WASHINGTON - As thousands protested yesterday that childhood vaccines are unsafe, federal health officials emphasized that they're looking for any signs of a link between the shots and autism but that evidence supports the health benefits.
"I don't believe there is evidence that links vaccines to autism, but I do believe these are concerns we need to take seriously," said Dr. Peter L. Goodman, director of the Food and Drug Administration's vaccines division.
FDA officials said that the agency has been monitoring reports of vaccine side effects with the Centers for Disease Control and Prevention and that it inspects vaccine manufacturing plants at least every two years, all the while reviewing new research that might shed light on the causes of autism and the workings of the shots.
FDA Commissioner Andrew C. von Eschenbach said the agency plans to connect the latest discoveries about the causes of autism with new understanding about the workings of vaccines and genetics to probe for hidden links.
But von Eschenbach said the benefits from inoculating children argue in favor of continued vaccinations. Federal health officials blame scattered measles outbreaks on state law provisions allowing certain families to opt out of vaccination requirements.
The remarks, during a talk with reporters, came shortly after a demonstration on the National Mall by parents who believe that vaccines are not safe. Von Eschenbach noted that protesters, clad in green T-shirts, could be seen walking outside the FDA offices.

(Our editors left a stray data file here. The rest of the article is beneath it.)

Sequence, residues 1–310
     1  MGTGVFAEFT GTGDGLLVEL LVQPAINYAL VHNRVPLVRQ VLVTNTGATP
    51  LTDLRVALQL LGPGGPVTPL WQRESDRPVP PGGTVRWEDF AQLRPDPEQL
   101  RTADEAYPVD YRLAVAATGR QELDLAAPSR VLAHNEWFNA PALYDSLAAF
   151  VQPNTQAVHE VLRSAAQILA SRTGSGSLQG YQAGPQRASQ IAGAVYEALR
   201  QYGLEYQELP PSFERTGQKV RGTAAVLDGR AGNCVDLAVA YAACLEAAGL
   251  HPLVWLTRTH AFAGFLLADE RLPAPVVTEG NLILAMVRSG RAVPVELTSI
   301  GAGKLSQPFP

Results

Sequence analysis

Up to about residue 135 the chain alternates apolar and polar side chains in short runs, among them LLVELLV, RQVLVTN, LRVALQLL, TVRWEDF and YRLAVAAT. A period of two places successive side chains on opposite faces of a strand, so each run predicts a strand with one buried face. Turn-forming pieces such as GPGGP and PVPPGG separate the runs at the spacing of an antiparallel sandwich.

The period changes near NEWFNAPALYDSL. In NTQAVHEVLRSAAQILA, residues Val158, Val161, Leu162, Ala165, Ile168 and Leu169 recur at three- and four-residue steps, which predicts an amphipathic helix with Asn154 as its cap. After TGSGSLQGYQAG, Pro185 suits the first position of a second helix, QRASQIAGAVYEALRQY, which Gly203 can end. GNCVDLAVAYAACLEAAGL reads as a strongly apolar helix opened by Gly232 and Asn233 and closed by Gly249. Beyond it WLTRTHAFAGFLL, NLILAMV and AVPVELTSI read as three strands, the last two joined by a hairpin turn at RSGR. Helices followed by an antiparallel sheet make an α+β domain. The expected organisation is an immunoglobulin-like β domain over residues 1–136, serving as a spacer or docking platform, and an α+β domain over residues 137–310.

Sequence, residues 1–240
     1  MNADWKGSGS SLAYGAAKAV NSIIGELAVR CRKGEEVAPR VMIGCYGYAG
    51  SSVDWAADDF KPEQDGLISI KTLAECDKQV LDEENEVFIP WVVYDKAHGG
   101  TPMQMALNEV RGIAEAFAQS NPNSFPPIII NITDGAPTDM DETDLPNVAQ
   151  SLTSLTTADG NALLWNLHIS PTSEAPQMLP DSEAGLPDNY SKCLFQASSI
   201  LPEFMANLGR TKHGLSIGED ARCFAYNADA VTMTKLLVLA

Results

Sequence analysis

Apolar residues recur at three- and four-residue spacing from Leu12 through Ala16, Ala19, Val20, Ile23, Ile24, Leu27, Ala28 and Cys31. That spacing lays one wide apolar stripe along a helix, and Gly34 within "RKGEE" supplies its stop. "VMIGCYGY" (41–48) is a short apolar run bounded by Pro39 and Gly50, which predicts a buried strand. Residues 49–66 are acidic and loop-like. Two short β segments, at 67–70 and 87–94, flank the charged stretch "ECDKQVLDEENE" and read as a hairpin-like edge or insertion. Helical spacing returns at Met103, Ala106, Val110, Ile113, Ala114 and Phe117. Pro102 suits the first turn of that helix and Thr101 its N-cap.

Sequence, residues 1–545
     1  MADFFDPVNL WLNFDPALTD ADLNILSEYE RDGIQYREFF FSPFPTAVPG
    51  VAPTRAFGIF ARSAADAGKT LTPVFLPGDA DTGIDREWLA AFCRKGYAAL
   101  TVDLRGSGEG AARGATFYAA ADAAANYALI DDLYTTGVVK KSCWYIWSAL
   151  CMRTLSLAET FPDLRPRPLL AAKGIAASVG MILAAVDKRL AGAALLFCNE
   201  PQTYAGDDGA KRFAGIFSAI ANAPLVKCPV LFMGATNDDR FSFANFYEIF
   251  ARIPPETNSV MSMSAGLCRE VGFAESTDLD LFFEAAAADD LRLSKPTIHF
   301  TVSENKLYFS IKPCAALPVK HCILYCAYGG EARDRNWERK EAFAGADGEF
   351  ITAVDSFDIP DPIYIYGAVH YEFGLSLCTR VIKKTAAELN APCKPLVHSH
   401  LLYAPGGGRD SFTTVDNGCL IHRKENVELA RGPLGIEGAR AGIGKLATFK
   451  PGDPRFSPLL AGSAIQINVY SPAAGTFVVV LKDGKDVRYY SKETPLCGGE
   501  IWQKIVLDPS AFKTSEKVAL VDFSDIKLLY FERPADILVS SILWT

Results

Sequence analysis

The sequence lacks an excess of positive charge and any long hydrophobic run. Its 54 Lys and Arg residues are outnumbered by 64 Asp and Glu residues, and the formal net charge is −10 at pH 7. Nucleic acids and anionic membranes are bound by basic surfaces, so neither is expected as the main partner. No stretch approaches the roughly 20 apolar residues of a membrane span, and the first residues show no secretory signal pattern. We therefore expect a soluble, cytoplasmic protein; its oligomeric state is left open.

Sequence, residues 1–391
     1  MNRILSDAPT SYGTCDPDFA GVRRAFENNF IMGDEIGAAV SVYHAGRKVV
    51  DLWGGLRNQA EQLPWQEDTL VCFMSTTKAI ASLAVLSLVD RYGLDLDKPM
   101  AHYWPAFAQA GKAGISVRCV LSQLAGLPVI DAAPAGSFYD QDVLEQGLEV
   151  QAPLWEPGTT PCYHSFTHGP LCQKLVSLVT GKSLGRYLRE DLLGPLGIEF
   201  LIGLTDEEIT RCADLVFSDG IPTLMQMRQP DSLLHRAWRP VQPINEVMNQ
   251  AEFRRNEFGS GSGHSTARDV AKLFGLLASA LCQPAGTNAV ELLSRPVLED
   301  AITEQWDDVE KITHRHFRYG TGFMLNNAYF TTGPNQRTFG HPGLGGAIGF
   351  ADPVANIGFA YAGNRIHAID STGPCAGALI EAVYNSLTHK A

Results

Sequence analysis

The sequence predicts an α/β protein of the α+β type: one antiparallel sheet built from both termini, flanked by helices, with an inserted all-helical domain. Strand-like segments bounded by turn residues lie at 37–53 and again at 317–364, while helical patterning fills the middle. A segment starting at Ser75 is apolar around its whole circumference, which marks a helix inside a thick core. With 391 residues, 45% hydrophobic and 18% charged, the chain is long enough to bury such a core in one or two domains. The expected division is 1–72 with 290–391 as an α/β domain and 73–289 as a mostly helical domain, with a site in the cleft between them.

Rita Shreffler, executive director of the National Autism Association, said 10,000 signed up to attend the protest. Shreffler said that FDA and CDC officials rely on a few studies conducted overseas to vouch for vaccine safety and that their monitoring is inadequate.
"It's not enough. For too long we've had the same agencies responsible for promoting vaccines responsible for monitoring their safety, and that doesn't work," said Shreffler, who lives near Springfield, Mo.
Long-standing fears that immunizations for polio and other infectious diseases are linked to cases of autism were reinvigorated this year when a government vaccine court ruled in favor of a family originally from Ellicott City who claimed a link to their daughter's autism.
The family, now living in Georgia, said vaccines given in 2000 worsened a rare mitochondrial disorder in their daughter, Hannah Poling, triggering autism. After the ruling, advocates said the victory established a link, but CDC officials and prominent doctors said otherwise.